To cure ourselves of Marketing Narcissism, we need to learn and apply some Product Management 101 — That is, talk to those in our target markets and understand the challenges they are facing and the problems they want to solve.  It is only then that we can create products that customers want to buy and create market messages that cause them to make the buying decision for our products.  It sounds so amazingly simply, but it often seems so difficult to do.   Even after going through training and learning the right way to do it, it’s much easier to fall back into the trap of Marketing Narcissism and do things the way that we used to.

What are we afraid of?  That customers or prospects are going to tell us we are wrong or that we don’t understand them.  I’d much rather find that out before developing the product then after the product is already in the market.

True Story of Marketing Narcissism

I once joined a company and in the first meeting with the CEO, he explained to me that a certain new product was the top corporate priority.  So when I started asking who are target markets were and what problems we were solving for them, he explained that was Product Management’s job to figure out.  Needless to say, we invested a lot of time into trying to find a major pain that we could solve for our customers, but in the end, we discovered it added complexity to our customer operations and did not deliver enough new value to what they were already doing and the product failed in the market.   Wouldn’t it have been great to have discovered that before we developed the product.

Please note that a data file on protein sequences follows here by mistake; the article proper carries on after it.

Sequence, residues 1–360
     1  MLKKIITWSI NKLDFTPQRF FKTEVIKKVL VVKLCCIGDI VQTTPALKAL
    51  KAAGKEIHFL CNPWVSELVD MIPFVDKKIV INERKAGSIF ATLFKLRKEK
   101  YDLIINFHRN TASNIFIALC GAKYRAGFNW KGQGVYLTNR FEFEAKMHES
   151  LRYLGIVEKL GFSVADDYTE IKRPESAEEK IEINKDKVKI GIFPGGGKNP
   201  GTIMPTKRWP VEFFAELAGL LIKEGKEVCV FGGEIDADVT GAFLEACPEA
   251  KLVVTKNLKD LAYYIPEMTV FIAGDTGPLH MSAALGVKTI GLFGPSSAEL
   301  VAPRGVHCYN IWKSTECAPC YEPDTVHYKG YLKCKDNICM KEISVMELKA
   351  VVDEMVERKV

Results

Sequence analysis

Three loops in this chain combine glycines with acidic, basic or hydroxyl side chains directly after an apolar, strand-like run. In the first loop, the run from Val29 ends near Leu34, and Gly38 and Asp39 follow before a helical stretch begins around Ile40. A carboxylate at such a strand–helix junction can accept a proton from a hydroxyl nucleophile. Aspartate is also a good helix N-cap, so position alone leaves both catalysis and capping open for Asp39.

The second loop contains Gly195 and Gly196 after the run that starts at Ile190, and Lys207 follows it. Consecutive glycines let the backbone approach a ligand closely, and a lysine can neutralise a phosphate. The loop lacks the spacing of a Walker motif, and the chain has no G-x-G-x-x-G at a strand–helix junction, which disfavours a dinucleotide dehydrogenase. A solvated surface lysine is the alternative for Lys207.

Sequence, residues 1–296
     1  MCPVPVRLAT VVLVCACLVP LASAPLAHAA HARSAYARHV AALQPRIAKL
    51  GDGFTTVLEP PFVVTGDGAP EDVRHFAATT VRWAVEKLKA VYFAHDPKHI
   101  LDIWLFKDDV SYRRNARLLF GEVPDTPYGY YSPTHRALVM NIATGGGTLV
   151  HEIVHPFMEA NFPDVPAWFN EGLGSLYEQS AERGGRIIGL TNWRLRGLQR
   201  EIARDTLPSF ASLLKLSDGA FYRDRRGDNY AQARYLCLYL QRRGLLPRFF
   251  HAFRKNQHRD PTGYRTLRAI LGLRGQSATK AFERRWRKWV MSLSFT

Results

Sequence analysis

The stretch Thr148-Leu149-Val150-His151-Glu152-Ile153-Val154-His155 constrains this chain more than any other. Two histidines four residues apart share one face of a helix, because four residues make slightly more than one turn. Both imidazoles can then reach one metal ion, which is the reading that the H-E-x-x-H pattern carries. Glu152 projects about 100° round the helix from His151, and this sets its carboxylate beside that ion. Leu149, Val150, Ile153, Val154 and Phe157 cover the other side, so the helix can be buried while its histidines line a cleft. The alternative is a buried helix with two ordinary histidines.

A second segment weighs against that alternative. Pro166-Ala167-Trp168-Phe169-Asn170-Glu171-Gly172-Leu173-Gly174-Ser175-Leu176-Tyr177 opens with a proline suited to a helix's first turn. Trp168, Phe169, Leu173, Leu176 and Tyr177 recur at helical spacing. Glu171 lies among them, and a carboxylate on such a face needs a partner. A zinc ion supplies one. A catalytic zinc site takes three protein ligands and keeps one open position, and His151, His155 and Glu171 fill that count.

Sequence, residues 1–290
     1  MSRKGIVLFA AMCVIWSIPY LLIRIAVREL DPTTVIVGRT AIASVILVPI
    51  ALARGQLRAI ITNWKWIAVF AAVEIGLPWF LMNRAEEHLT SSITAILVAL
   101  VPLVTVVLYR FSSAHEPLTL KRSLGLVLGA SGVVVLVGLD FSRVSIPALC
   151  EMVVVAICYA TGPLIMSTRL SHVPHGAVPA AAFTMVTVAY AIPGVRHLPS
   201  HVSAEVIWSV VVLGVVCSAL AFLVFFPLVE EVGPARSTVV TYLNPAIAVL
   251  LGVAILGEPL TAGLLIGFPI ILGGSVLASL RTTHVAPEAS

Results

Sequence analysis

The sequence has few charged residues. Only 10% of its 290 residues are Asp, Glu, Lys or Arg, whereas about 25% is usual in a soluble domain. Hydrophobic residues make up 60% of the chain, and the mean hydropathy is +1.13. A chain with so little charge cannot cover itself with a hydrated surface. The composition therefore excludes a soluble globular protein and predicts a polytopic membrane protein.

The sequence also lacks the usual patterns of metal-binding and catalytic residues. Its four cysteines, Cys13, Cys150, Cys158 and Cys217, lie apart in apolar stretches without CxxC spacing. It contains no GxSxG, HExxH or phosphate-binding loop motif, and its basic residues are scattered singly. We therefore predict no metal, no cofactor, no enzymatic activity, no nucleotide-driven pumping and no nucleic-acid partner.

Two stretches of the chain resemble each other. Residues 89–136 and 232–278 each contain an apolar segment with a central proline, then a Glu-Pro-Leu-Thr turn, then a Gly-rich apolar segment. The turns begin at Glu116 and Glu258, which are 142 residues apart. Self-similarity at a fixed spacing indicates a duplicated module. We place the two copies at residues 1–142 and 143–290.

Lesson for Today!

Customers and prospects don’t care how great you think you are.   They want to know that you actually understand their needs and problems and can help them solve them.

So remember, it’s not about us.

It’s about the Customer!